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Detecting Malware Disguised as OneNote with Threat Intelligence

We’ve seen threat actors abuse almost all Windows OS applications in their campaigns, disguising malware as macros, Word documents, Excel spreadsheets, and PowerPoint presentations to trick users into opening and executing them. Most recently, they’ve been spreading malware in the guise of OneNote documents to cause mayhem.

Threat Background

Proofpoint researchers Tommy Madjar, Corsin Camichel, Joe Wise, Selena Larson, and Chris Talib spotted threat actors distributing malware disguised as a OneNote document over the past 2—3 months. While some campaigns seemed to target specific industries in North America and Europe, thousands of emails with malware-laced OneNote document attachments have been seen infecting the computers of the general populace.

Email recipients tricked into opening and interacting with the supposed OneNote document attachment can end up with AsyncRAT, Redline, AgentTesla, DOUBLEBACK, or Qbot malware-infected computers. Possible effects include data stealing via credential theft and more.

The Proofpoint study identified 82 indicators of compromise (IoCs), including URLs, IP addresses, and SHA-256 hashes. We stripped some of them down, which left us with 17 domains and 13 IP addresses shown in the table below.

DomainsIP Addresses
• files[.]catbox[.]moe
• onenotegem[.]com
• transfer[.]sh
• depotejarat[.]ir
• zaminkaran[.]ir
• newtryex[.]ddns[.]net
• stnicholaschurch[.]ca
• winery[.]nsupdate[.]info
• su1d[.]nerdpol[.]ovh
• direct-trojan[.]com
• mgcpakistan[.]com
• plax[.]duckdns[.]org
• ghcc[.]duckdns[.]org
• barricks[.]org
• kanaskanas[.]com
• codezian[.]com
• myvigyan[.]com
• 209[.]126[.]83[.]213
• 3[.]101[.]39[.]145
• 54[.]151[.]95[.]132
• 154[.]12[.]234[.]207
• 45[.]133[.]174[.]122
• 154[.]12[.]250[.]38
• 172[.]245[.]45[.]213
• 198[.]23[.]172[.]90
• 212[.]193[.]30[.]230
• 179[.]43[.]187[.]241
• 109[.]107[.]179[.]248
• 209[.]126[.]2[.]34
• 95[.]216[.]102[.]32

We used the IoCs as WHOIS and DNS tool search terms to scour the Web for other potential threat vectors through an in-depth IoC expansion analysis, which led to the discovery of:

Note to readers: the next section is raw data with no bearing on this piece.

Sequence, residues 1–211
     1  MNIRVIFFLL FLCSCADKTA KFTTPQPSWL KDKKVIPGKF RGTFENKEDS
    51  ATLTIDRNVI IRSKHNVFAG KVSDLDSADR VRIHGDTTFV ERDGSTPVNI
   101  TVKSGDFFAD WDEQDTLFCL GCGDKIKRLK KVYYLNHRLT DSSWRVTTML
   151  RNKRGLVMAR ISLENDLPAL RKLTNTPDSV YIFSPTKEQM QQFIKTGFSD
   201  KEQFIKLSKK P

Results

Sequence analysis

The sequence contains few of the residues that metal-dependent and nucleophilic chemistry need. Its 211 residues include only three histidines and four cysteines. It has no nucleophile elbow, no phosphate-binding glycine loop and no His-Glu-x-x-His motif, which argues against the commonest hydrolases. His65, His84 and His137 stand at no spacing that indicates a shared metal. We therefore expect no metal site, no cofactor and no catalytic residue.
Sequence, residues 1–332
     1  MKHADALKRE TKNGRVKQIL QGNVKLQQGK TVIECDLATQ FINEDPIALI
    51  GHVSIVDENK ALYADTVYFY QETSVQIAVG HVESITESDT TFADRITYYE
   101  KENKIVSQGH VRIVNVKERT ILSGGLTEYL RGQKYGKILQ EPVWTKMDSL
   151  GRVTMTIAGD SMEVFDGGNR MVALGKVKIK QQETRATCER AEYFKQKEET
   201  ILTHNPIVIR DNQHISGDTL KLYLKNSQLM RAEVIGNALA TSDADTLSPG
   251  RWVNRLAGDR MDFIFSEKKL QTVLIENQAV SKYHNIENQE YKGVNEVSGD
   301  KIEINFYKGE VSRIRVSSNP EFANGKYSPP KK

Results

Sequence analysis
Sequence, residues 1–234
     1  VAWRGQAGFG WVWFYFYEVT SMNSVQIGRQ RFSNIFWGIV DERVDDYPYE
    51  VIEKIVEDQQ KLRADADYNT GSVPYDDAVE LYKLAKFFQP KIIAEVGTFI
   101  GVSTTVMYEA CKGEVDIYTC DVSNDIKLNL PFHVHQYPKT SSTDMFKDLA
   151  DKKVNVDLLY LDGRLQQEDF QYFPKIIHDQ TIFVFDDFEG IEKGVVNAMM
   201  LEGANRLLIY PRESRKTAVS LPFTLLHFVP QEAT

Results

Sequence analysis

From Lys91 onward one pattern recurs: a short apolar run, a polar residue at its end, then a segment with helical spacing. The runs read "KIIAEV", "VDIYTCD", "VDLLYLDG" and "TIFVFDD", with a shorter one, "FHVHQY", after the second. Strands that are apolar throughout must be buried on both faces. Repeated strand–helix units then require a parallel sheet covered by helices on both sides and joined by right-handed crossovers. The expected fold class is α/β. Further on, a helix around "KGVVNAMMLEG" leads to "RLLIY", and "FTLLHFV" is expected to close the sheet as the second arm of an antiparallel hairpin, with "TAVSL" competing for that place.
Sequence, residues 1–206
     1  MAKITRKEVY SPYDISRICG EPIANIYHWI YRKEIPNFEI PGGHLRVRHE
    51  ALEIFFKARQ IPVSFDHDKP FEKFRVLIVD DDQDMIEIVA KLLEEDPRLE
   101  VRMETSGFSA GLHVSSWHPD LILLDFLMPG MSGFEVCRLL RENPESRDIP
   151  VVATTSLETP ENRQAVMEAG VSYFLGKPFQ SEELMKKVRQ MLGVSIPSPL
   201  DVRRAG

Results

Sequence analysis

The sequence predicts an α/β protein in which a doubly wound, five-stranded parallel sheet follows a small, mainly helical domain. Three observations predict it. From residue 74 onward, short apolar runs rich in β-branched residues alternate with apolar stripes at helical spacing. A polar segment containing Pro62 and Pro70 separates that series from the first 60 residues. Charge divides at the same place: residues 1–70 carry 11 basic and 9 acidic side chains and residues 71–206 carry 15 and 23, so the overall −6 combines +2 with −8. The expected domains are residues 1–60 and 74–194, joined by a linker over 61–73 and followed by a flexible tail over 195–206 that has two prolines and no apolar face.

• Four unredacted registrant email addresses used to register an additional nine domains
  • 11 IP addresses to which the domains resolved, four of which turned out to be malicious
  • 1,992 IP-connected domains, 16 of which turned out to be malware hosts
  • 32 string-connected domains

A sample of the additional artifacts obtained from our analysis is available for download from our website.

Unraveling WHOIS Ties

A look at the WHOIS records of the domains tagged as IoCs revealed the following findings:

The oldest domain—mgcpakistan[.]com—was created on 8 June 2002 while the newest—direct-trojan[.]com—was created on 12 December 2022. A majority of the IoCs (80%) were aged domains.

Six of the 17 domains—files[.]catbox[.]moe, onenotegem[.]com, transfer[.]sh, stnicholaschurch[.]ca, mgcpakistan[.]com, and codezian[.]com—continued to host live content with a few seeming to have been compromised legitimate sites for the threat actors’ use based on their screenshots. Mgcpakistan[.]com, for instance, looks like the website of a legitimate medical equipment manufacturer.

The 12 domains with retrievable WHOIS records were spread across 10 registrars, primarily NameCheap, Inc.

Four of the domains—onenotegem[.]com, depotejarat[.]ir, zaminkaran[.]ir, and barricks[.]org—had unredacted registrant email addresses in their historical WHOIS records. More interestingly, though, the email address used to register depotejarat[.]ir was also utilized for nine other domains, five of which are: tejaratdepoo[.]ir ariaevacuation[.]com datisairconditioner[.]com movieserial2[.]com bardia-bardia[.]com

Under the DNS Lens

Next up, we looked at the IoCs through the DNS lens, which showed that the domains resolved to an additional 11 IP addresses that weren’t included in the initial analysis’s list. Four of these IP hosts turned out to be malicious, two of which are 107[.]160[.]74[.]134 and 95[.]216[.]33[.]194.

Like the first campaigns that targeted users in North America and Europe, 92% of the attack IP addresses were concentrated in the same continents. The map below shows the IP geolocation country breakdown of the 24 IP hosts.

Reverse IP/DNS lookups for the IP addresses led to the discovery of 1,992 domains that shared the IoCs’ hosts. A bulk malware check for these web properties revealed that 16 of them were malicious. Nine examples are:

  • 2ndspreading1[.]ddns[.]net
  • alphatradecapitals[.]com
  • ariya-sanaat[.]ir
  • ayot[.]ir
  • beholdchk[.]com
  • billionairedollarboys[.]com
  • capitalglobetrust[.]com
  • caricool[.]uk
  • dronecammera[.]com

Despite being categorized as malware hosts, six of the domains continued to host live content.

Some of the domains tagged as IoCs contained unique strings, including:

  • zaminkaran.
  • depotejarat.
  • nerdpol.
  • direct-trojan.
  • barricks.

Our searches on Domains & Subdomains Discovery found 32 additional domains that may be worth monitoring for signs of suspicious activity given their similarity with the IoCs.

Our deep dive into the malicious OneNote campaigns allowed us to identify 2,044 yet-unpublished artifacts, 24 of which have been dubbed malware hosts. The IoC expansion analysis results could be useful in early threat identification and mitigation for organizations.

If you wish to perform a similar investigation or get access to the full data behind this research, please don’t hesitate to contact us.

By WhoisXML API, A Domain Research, Whois, DNS, and Threat Intelligence API and Data Provider

Whois API, Inc. (WhoisXML API) is a big data and API company that provides domain research & monitoring, Whois, DNS, IP, and threat intelligence API, data and tools to a variety of industries.

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